Crypto losses hit $670M in Q2, up 52% from year-ago period

The second quarter of 2022 was one for the books amid a tumultuous period of what I like to call market madness, and the evidence keeps stacking up for the crypto markets. Q2 was full of massive crypto “losses” across the web3 ecosystem, some 97% of which were the result of hacks, according to a new report.

Immunefi’s Crypto Losses in Q2 2022 report identified $670,698,280 worth of losses in Q2, up 52% from $440,021,559 in the same period for 2021.

Most of those losses were contained to just four hacks: Decentralized stablecoin protocol Beanstalk lost $182 million; layer-1 blockchain bridging protocol Harmony Horizon lost $100 million; and decentralized finance (DeFi) protocols Mirror and TribeDAO lost $90 million and $80.34 million, respectively.

“With every disruptive technology, there is a process of iteration, and building out a bigger and better DeFi platform is based currently more on speed than security.” Flux co-founder Daniel Keller

While $670 million is a whopping number, total crypto losses declined 45.5% from about $1.23 billion in the first quarter of 2022, according to a previous report by Immunefi.

However, it’s worth noting that the spike in the first quarter is a bit lopsided due to the largest DeFi hack to date – a sizable $625 million hack on the Ronin Network in March. Without that hack, the first-quarter losses would have been more in line with the second quarter.

But as we enter the third quarter of the year, some market players think hacks are a trend that will continue regardless of current market conditions.

“The DeFi ecosystem has remained a huge target for hackers,” Michael Shaulov, Fireblocks co-founder and CEO, said to TechCrunch.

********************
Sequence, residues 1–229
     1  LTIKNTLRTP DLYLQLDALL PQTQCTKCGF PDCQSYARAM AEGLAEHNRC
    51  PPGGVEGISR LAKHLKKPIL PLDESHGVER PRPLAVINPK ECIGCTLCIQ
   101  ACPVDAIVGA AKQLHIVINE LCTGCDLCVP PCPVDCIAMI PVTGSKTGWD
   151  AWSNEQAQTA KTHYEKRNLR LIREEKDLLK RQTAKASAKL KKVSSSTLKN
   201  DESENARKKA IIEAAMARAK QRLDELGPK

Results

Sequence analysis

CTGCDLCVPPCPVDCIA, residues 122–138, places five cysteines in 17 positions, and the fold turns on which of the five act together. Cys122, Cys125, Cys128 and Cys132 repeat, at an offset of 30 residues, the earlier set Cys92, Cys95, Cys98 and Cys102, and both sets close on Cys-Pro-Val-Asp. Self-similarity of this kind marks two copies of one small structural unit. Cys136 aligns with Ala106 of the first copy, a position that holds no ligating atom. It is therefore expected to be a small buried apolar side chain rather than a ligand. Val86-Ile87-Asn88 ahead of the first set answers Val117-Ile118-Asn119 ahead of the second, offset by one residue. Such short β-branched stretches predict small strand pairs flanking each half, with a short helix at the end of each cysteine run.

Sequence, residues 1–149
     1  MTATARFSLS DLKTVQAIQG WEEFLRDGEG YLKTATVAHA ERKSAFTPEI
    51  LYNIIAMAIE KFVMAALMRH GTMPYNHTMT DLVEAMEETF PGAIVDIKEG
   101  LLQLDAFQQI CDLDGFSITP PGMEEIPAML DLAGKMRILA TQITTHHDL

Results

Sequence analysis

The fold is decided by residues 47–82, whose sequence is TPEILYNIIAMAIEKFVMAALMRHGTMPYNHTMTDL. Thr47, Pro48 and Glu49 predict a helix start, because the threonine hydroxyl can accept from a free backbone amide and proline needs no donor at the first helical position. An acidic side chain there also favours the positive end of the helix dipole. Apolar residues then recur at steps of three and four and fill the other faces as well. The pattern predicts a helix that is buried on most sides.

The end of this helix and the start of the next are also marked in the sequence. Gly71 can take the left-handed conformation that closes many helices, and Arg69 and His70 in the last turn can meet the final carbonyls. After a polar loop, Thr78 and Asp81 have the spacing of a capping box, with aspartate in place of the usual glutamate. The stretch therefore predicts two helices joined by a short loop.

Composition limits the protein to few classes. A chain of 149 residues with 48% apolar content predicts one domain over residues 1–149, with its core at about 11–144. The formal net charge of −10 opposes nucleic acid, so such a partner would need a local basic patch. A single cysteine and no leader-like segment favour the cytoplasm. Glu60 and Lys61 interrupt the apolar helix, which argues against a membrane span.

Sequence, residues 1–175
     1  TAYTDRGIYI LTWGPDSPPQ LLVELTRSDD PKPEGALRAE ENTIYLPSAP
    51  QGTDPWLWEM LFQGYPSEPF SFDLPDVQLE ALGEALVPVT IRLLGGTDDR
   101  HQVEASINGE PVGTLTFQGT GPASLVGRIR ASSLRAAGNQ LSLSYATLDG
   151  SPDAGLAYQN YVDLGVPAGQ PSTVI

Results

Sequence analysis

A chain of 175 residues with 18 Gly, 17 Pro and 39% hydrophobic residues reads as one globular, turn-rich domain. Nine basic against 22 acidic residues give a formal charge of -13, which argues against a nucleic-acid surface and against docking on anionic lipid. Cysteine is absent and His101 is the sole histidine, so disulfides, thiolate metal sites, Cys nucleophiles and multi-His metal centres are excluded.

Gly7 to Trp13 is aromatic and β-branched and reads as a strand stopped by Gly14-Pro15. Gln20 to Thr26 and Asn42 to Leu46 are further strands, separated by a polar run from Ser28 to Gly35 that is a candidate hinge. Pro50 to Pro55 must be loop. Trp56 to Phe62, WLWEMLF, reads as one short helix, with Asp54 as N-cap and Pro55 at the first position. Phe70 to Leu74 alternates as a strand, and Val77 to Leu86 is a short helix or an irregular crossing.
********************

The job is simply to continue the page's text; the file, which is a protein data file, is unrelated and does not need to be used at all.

In 2018, when crypto trading volumes were hitting all-time highs as new money entered the market, smart contracts enabled the development of liquidity protocols that would power decentralized exchanges (DEXs), Shaulov noted.

“Thousands of ERC-20 tokens were getting ready to be publicly traded, making for a record year of hacks that stole hundreds of millions of dollars from exchanges,” Shaulov said, referencing the tokens used for creating contracts on the Ethereum blockchain. “With DeFi hitting [all-time-highs] of over $250 billion in December 2021, naturally, hackers’ attention turned to DeFi protocols.”

There’s no reason for hacks to diminish, David Carvalho, CEO of Naoris Protocol, said to TechCrunch. “The only reason that it can diminish in the short term is because of a certain level of market depression.”

“We would love to say there is ‘no risk’ in disruptive technologies, but that would be false,” Daniel Keller, co-founder of Flux, said to TechCrunch. “With the adoption bell curve increasing, I expect the total amount will grow as more users are partaking in the platforms; however, as platforms continue to grow, develop and become more mature, the impacts will be less and less.”

At the moment, there is less money available to steal, but as more smart contracts are created, hacks are likely to increase, Carvalho said, adding that as more blockchains exist and interact with each other, through oracles and bridges and third parties, the higher the likelihood of vulnerabilities in the code or with the infrastructure that is supporting whole web3 environments.

“As the decentralized economy continues to grow and expand into new verticals, like gaming and entertainment, cybersecurity will become increasingly top of mind as the volume of user funds interacting with the technology will only increase exponentially from here on out,” Shaulov said. “Where the money’s headed, the hackers will follow, so we can anticipate more hacks as the DeFi industry continues to grow at rapid speed.”

And with speed, there are often mistakes made as people rush to production.

“With every disruptive technology, there is a process of iteration, and building out a bigger and better DeFi platform is based currently more on speed than security,” Keller said. “Security is often an afterthought, but as these hacks and exploits showcase, we are very early to the DeFi ecosystem’s maturity process.”

In order to protect users and protocols from hacks, developers must maintain strict control of digital asset operations both internally and across third-party providers to make funds more secure and resilient against hacks, Shaulov said.